A contractor for a major Moray Firth windfarm project has been accused of shutting out UK workers in favour of “cheap foreign labour”.
Contracts seen by Energy Voice, the Press and Journal’s sister website, indicate a number of non-EU nationals on Seaway Heavy Lifting’s (SHL’s) Stanislav Yudin crane vessel have been earning below the national minimum wage.
SHL has denied allegations of underpaying foreign workers on the SSE-operated Beatrice Offshore Wind Farm project.
But Liam Wilson, an inspector for the International Transport Workers’ Federation (ITF), described the situation as “mind-blowing” and “effectively slave labour”.
Mr Wilson said he was “shocked” to discover the crew manifest only listed “one Latvian seafarer” and 141 non-EU nationals on board the vessel.
Located eight miles off the Caithness coast, the £2.6 billion wind farm is one of the largest private investments in Scottish infrastructure history.
Due for completion in 2019, Beatrice’s 84 turbines will be capable of providing sufficient clean and sustainable power for the equivalent of 450,000 homes.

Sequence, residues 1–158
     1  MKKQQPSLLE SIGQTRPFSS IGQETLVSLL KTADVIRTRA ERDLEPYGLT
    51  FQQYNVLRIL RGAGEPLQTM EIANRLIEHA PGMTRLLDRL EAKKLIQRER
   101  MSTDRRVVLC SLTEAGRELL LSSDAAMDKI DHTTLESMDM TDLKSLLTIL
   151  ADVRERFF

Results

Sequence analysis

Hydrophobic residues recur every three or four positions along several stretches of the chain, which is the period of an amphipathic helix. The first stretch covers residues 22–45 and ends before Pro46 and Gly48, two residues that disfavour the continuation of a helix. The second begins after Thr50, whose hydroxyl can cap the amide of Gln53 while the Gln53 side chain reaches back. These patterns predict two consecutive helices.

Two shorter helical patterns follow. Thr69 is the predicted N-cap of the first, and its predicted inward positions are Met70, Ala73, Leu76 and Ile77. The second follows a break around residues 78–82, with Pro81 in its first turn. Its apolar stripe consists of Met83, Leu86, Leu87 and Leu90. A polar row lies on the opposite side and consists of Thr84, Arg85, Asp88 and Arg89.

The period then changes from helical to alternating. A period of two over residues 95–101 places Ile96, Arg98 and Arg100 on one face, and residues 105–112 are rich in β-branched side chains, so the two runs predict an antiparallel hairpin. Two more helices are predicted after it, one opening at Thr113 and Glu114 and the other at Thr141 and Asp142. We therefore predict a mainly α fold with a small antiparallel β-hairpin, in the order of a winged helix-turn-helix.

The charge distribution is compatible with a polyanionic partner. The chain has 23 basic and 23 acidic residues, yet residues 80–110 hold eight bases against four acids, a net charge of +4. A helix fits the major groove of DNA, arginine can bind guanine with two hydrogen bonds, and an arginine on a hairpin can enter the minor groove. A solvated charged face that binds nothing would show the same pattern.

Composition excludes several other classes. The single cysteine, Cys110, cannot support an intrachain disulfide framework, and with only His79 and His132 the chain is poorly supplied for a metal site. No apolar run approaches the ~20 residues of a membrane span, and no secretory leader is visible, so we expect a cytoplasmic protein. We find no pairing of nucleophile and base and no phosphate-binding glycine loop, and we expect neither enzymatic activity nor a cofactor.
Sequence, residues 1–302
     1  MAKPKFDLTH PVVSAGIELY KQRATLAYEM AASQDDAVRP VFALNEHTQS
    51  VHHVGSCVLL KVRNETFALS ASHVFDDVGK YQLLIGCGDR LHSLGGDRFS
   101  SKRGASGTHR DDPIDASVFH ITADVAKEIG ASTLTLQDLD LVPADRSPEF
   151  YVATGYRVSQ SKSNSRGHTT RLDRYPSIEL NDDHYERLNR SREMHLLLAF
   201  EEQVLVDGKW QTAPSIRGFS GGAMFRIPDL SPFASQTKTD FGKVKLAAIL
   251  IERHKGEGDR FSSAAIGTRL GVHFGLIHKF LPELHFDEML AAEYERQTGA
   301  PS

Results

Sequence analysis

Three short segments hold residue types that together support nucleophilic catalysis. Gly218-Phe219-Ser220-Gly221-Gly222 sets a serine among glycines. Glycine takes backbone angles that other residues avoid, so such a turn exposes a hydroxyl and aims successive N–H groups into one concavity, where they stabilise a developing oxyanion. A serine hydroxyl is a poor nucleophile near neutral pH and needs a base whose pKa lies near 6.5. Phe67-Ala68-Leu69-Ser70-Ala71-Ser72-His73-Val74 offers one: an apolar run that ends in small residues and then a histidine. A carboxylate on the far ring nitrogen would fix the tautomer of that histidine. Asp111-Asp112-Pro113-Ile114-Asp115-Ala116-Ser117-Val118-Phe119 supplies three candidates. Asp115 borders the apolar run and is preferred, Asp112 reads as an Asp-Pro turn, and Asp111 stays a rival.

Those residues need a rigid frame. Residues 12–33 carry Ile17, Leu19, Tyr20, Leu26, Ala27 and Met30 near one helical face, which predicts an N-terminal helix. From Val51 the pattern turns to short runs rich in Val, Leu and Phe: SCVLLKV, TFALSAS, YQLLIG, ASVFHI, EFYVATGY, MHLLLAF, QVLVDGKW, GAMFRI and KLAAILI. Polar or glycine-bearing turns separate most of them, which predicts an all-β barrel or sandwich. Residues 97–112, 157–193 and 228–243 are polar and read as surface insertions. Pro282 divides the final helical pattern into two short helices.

A spokesman for SHL said: “We can confirm that all personnel employed by SHL in connection with the Beatrice Offshore Windfarm project are paid at or above the UK minimum wage.
“We have been working closely with the Home Office and relevant industry bodies regarding industry-wide concerns raised around the employment of non-EEA nationals working in UK territorial waters.
“The Home Office granted a non-specific and industry wide concession in April of 2017, which was extended until April 2019 and we continue to work with the relevant authorities and industry bodies to ensure we meet all applicable regulations.”
Nonetheless, Gary Smith, Scotland secretary at the GMB trade union, described the situation as “shameful”, adding that other EU countries prevent wind farms being “built by cheap, exploited labour”.
Mr Smith called on First Minister Nicola Sturgeon to “intervene” in the situation.
A Scottish Government spokesperson said decisions on immigration concessions “are a matter for the Home Office”.
SSE said it took “any potential breach of UK immigration law by its contractors extremely seriously”, adding that the project’s suppliers “are contractually required to fully comply with UK law, including obtaining all relevant work permits and paying at least the National Minimum Wage”.